Jacksonville Times Union - Anglers Catch Sailfish From Kayak
Deep-sea kayaking? Area fishermen pull possible first -- catching sailfish from a kayak 40 miles offshore.
By JOE JULAVITS, The Times-Union
When the two crazy gringos from Jacksonville unveiled their plan to catch a Pacific sailfish on fly from a kayak, their Guatemalan charterboat captains could only chuckle.
After all, no one had ever done that, at least as far as anyone was aware. But attorneys Jeff Morrow and Homer Bliss were serious. Each had caught dozens of sails on fly from a conventional boat.
Why not try it from a kayak? Morrow and Bliss were among a group of 12 anglers -- the others being Jack Kelly, Perry Penland, Chan Bliss, Lonnie Dean, Brent Chandler, Eduardo Sanchez, Terry Kilgore, Tom Edwards, David Lambert and Jim Ford -- who returned last week from Sailfish Bay Lodge in Iztapa, Guatemala. In 3 1/2 days of fishing, from Jan. 3-6, the group totaled 101 sailfish and 20 dolphin. Sixty-six of the sails were caught on fly, 35 on conventional tackle. And, in what's believed to be a first, four of those 101 were taken from the unlikely platform of a kayak. "None of the captains had heard of anybody doing it," Homer Bliss said. "They thought it was kind of harebrained till they saw us do it. "We didn't tell our wives about it before we went down there."
Morrow and Bliss brought hybrid kayaks -- part inflatable, part hard plastic -- as part of their gear for the trip. Made by Advanced Elements, the kayaks are easily portable and designed for the punishment of whitewater rafting. There's a well-established technique for catching sailfish on fly rods from a conventional boat. The captain drags hookless teasers, luring the fish close to the boat's transom. At the right moment, the mate pulls in the teaser and the angler casts his fly.
"The fish are so charged up, they'll eat probably anything you throw back there," Morrow said. "The timing was perfect on our boats. They tell you when to cast, and then it's up to you." There is no how-to guide on catching a sail from a kayak. Morrow and Bliss improvised. "Everyone was wondering how the hell we were going to do this," Morrow said. The anglers decided to make their casts from the cockpit of the charterboat, then, after a hookup, scramble into the kayak lashed to the stern. All the while, they would have to maintain control of the rod as the sail spun line off the reel. "They'd have about 200 feet of line out by the time you got in the kayak," Morrow said. "But once you got in, they just drag you around with that same length of line out. "We agreed that, after 30 minutes, if you hadn't released the fish, the [big] boat would come and pick you up and pull the fish in and release it. We didn't want to kill the fish." Morrow and Bliss each wound up catching two sails.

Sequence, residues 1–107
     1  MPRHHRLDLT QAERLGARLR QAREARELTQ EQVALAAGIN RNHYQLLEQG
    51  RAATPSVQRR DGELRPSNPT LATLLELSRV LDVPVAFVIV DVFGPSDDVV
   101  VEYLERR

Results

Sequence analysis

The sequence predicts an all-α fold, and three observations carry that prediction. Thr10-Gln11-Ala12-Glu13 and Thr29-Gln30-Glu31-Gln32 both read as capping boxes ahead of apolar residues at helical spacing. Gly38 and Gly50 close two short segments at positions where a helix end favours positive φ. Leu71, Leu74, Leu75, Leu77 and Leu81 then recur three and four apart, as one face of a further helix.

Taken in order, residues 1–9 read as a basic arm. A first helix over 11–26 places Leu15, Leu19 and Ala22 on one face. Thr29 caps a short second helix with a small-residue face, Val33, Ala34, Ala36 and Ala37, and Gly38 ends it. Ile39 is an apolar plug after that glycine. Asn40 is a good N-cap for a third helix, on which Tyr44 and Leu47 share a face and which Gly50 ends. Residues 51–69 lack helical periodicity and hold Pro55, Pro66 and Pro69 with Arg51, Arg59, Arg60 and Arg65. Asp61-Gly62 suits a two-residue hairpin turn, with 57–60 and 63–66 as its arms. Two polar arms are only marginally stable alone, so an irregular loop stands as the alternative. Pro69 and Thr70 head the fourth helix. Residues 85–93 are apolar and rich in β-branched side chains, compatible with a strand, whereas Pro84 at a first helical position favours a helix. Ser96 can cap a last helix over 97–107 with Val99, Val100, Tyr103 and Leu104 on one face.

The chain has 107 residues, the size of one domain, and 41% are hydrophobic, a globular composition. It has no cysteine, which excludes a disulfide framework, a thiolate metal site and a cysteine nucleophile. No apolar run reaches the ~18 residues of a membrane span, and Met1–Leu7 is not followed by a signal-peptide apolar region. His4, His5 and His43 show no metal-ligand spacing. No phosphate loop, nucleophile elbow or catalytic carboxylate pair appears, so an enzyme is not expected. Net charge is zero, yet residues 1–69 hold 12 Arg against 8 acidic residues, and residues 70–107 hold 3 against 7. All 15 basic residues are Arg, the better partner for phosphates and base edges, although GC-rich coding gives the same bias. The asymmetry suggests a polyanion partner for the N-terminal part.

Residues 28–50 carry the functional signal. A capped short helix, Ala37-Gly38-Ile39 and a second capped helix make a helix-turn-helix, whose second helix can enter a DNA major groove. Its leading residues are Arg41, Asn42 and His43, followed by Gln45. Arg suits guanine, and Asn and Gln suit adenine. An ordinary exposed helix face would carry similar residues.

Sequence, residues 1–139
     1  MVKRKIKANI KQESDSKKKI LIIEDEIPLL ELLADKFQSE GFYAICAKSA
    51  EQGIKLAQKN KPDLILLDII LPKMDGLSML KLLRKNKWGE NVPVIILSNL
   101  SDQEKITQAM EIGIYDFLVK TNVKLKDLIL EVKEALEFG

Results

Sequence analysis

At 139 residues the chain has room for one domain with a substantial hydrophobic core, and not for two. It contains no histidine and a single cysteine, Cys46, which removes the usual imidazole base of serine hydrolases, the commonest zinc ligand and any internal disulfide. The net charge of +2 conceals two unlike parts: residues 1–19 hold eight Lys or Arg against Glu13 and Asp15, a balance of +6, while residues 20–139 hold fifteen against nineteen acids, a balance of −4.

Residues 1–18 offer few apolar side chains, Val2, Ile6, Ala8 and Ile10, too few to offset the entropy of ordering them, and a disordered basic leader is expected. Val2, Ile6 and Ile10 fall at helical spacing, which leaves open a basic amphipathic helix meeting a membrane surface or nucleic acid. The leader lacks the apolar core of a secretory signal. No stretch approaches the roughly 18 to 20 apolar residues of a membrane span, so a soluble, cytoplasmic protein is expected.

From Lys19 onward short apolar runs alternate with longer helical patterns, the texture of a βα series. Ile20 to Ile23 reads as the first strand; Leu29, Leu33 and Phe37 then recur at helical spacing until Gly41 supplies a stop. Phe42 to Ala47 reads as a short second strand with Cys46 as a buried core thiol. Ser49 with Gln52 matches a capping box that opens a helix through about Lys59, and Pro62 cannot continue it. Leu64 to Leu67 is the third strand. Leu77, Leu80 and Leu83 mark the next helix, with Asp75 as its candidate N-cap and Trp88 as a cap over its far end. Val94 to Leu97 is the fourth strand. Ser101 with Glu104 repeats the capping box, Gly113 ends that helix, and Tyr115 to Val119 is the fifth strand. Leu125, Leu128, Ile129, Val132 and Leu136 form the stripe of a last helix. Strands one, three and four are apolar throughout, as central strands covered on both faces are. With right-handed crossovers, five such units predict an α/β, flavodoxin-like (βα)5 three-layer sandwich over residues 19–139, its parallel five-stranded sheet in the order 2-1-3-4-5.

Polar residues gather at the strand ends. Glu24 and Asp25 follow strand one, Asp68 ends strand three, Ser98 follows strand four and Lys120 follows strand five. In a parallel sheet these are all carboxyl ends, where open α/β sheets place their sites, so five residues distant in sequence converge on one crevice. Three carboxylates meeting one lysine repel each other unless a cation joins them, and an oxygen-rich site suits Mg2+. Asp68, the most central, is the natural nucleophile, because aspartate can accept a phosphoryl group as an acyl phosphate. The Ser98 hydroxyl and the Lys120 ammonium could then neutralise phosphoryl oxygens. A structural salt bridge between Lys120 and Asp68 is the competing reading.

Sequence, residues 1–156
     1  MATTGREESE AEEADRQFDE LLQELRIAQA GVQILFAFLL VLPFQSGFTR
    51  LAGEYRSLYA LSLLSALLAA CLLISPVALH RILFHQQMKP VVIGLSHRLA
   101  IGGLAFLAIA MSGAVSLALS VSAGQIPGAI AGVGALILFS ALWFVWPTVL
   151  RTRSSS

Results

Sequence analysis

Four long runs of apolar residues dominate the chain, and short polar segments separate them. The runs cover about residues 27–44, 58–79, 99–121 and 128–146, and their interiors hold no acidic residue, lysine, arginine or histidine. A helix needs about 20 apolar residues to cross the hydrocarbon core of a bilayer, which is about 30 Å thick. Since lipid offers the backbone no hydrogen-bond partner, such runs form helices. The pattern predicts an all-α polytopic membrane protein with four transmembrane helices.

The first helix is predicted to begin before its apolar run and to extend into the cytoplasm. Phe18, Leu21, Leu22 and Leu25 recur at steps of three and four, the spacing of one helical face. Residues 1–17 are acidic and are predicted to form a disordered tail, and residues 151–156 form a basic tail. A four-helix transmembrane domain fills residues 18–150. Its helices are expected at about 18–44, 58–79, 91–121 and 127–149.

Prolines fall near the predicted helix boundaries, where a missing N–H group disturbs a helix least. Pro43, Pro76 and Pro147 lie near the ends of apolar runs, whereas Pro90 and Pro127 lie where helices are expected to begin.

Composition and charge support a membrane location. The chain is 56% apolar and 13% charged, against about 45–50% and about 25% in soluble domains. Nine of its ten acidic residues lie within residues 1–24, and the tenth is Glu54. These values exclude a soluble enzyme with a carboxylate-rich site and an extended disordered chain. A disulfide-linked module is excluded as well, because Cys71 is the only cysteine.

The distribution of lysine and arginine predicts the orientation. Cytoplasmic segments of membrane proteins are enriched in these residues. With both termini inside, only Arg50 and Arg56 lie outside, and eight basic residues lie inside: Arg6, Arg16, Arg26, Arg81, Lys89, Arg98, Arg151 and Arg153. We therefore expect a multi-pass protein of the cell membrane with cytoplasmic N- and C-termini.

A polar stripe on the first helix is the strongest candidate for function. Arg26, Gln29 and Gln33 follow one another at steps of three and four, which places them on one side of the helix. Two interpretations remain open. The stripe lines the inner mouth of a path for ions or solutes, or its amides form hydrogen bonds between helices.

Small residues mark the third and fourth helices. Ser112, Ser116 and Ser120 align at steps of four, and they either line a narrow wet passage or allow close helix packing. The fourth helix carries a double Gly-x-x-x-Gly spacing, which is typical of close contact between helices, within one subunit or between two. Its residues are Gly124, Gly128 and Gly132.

Only once did the crew on the big boat have to help when a fight dragged on. The other sails were subdued in about 20 minutes. "The kayak is like a huge bobber they can't pull under, and it wears them out," Morrow said. "They were amazingly docile once they got close to the kayak," Bliss said. "They didn't do much jumping at all next to the kayak. You could reach out and touch them and they didn't spook or anything." The four kayak-caught sails ranged between 85-115 estimated pounds.
The anglers threw tandem-hook flies tied by Jacksonville's Don Reed in streamer and popper patterns. The fly rods used were Cam Sigler 17-weights designed for sailfish, tuna and marlin. The fishermen rigged with 20-pound tippets knotted to 80- to 100-pound monofilament shock tippets. "It was a neat experience," Bliss said. "You just don't want to think that you're in a kayak in 2,000-2,500 feet of water 40 miles out in the Pacific." "It's kind of scary," Morrow said. "A couple of times, they almost hit the side of the boat with their beaks. You're so pumped up, so close to the fish."
Other highlights of the trip were a huge 175-pound sail caught by Kilgore; a sailfish double and a double on dolphin -- including a 40-pounder -- by Morrow and Lambert; and a sailfish triple pulled off by Edwards and Dean. The triple was accomplished when Edwards and Dean hooked up simultaneously. Dean's fish quickly came to the boat, and he then made another cast and hooked up a second time while Edwards was reeling his fish in. All three sails were released.
The anglers traveled as a group representing the Jacksonville-based Southern Sailfish Association. At various Central America fishing destinations, the members donate vitamins, medical supplies, food, clothes and other items to impoverished locals. "We're kind of using their territory, so it's a normal human desire to let them know we appreciate it," Morrow said.